Historically, the Paraguayan economy was based on agricultural production because the country had important natural resources for agricultural development. However, most people in rural areas still rely on family agriculture, which raises their risk of poverty. Factors that affect family farming include high costs of agricultural land, a highly informal market, and weak application of institutional land policies. In addition to high poverty rates and scarce access to land, the rural population has limited access to drinking water, public sanitation, decent housing and electric power leading to social inequality and malnutrition. The prevalence of chronic malnutrition among all children under 5 years is 17%, while the prevalence among indigenous children is 43% (National Institute for Food and Nutrition, 2010). On the other hand, malnutrition in Paraguay coexists with obesity (58% of adults are overweight), which leads to chronic non-communicable diseases.
The Government of Paraguay has worked to reduce extreme poverty and child malnutrition with an emphasis on programs of conditional deliveries. However, these strategies have not achieved results across all groups to reduce the vulnerability of low-income populations in rural areas.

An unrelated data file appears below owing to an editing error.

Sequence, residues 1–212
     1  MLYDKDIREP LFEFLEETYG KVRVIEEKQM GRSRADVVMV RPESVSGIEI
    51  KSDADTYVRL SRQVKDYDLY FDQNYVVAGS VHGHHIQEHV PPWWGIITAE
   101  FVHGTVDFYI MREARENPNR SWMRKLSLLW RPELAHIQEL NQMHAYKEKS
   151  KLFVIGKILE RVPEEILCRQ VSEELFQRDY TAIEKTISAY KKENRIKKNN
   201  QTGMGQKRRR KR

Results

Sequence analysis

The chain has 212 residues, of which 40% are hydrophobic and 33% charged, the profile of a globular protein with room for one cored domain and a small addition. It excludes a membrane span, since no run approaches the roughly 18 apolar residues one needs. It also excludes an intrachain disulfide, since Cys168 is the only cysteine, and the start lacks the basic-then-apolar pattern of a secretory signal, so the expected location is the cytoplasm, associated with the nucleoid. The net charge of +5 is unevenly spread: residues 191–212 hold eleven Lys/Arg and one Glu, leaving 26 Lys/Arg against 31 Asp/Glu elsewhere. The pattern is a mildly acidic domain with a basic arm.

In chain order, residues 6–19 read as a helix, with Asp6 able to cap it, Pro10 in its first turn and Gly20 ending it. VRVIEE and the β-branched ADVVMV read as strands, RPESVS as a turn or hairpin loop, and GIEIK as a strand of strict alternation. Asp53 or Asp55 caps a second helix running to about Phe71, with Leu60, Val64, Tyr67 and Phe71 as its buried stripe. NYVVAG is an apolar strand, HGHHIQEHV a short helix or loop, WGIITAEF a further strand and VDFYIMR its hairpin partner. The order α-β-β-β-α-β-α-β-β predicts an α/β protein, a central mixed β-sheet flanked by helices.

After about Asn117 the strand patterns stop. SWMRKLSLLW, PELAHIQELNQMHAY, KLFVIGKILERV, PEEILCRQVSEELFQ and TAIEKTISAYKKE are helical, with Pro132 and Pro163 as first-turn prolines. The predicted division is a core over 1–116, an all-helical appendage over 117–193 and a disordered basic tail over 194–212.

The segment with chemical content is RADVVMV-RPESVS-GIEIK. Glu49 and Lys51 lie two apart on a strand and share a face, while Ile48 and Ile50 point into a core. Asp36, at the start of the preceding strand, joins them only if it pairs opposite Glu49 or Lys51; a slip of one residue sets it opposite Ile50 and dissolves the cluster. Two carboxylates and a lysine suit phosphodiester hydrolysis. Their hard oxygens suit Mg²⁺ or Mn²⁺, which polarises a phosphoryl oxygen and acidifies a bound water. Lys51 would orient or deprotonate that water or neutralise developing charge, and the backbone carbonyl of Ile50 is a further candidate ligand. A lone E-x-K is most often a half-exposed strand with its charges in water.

The joint programme’s strategy promoted a multisectoral approach to food and nutrition security of indigenous population and rural communities in three departments (Presidente Hayes, Caaguazú and Caazapá), which are highly vulnerable in economic, social and environmental terms. The programme was implemented by four UN agencies (FAO, Unicef, WFP and WHO) in close collaboration with national partners. Each UN agency brought its comparative advantages and experience with a specific focus on food and nutrition security, allowing for better results.